In 1028 he went on a pilgrimage to Rome but his prayers didn’t help when, the following year, his son Oleif was captured and Sitric was forced to pay 1,200 cows, 140 ‘British’ horses, 60 ounces of gold and of silver and the Sword of Carlus, as well as returning most of the hostages he had.

The 1030s were better years, largely because he teamed up with Cnut the Great, aka Canute, the king of Denmark, England, Norway, and parts of Sweden. Their combined fleets raided Wales and Sitric established the Dublin colony in Gwynedd, which presumably accounts for the recent hoard of coins.

During this time, Sitric also made Dublin into a bishopric, based on the Roman model, and commissioned the first timber structure of Christchurch Cathedral, now Dublin’s oldest surviving building. (The cathedral was rebuilt in stone by the Anglo-Normans in the 1180s). Such developments were a massive step towards converting Viking Dublin away from a pagan city into a Christian one. It is notable that some of the coins Sitric minted bore the sign of the cross.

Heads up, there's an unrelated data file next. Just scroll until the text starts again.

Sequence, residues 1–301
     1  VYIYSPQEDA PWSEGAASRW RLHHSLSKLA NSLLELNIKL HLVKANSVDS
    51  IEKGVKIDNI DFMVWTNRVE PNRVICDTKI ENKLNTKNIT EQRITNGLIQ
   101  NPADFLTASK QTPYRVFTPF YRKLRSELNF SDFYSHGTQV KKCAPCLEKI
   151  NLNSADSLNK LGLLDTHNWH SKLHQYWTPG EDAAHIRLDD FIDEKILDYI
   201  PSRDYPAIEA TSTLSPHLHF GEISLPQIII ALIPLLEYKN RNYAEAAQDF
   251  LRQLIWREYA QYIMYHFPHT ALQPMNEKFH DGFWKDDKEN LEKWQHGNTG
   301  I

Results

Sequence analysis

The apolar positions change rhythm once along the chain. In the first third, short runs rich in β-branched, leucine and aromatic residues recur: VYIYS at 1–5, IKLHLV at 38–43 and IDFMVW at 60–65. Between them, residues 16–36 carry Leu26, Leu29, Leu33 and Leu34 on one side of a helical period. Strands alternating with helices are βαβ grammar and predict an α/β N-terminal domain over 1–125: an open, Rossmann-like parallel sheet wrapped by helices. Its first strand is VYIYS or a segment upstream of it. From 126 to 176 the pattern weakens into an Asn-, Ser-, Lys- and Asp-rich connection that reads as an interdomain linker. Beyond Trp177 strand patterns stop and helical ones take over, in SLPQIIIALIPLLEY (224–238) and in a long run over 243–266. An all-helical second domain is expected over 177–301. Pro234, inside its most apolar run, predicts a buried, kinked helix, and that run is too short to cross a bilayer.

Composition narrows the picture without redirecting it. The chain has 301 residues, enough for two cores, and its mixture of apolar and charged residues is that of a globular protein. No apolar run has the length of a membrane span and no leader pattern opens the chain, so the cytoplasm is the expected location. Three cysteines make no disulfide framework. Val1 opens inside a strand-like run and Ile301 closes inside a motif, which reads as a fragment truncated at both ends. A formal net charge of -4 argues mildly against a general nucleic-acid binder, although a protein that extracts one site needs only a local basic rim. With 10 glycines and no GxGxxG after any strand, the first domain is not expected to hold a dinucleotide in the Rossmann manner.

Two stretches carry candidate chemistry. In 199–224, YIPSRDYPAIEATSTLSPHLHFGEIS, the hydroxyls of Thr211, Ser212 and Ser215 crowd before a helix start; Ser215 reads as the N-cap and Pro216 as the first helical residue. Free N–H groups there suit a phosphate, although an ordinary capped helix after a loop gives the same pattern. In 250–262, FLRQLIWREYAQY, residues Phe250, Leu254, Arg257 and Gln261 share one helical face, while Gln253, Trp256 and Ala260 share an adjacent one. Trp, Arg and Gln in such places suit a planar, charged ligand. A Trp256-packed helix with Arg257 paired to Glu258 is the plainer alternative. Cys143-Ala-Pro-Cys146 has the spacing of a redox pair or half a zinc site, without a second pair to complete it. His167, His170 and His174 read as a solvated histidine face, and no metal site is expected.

Not that Sitric was a good Christian to his neighbours. After a towering military victory at the Boyne in 1032, he let his psychosis prevail 3 years later when he burned 200 men alive in the stone church at Ardbraccan, Co. Meath, and took another 200 men as slaves.

He pushed it too far when he executed Ragnall, King of Waterford on his return from Ardbraccan. When Canute died soon afterwards, Echmarcach mac Ragnaill, King of the Isles, invaded Dublin and forced Sitric to abdicate. Echmarcach may have been King Ragnall’s son.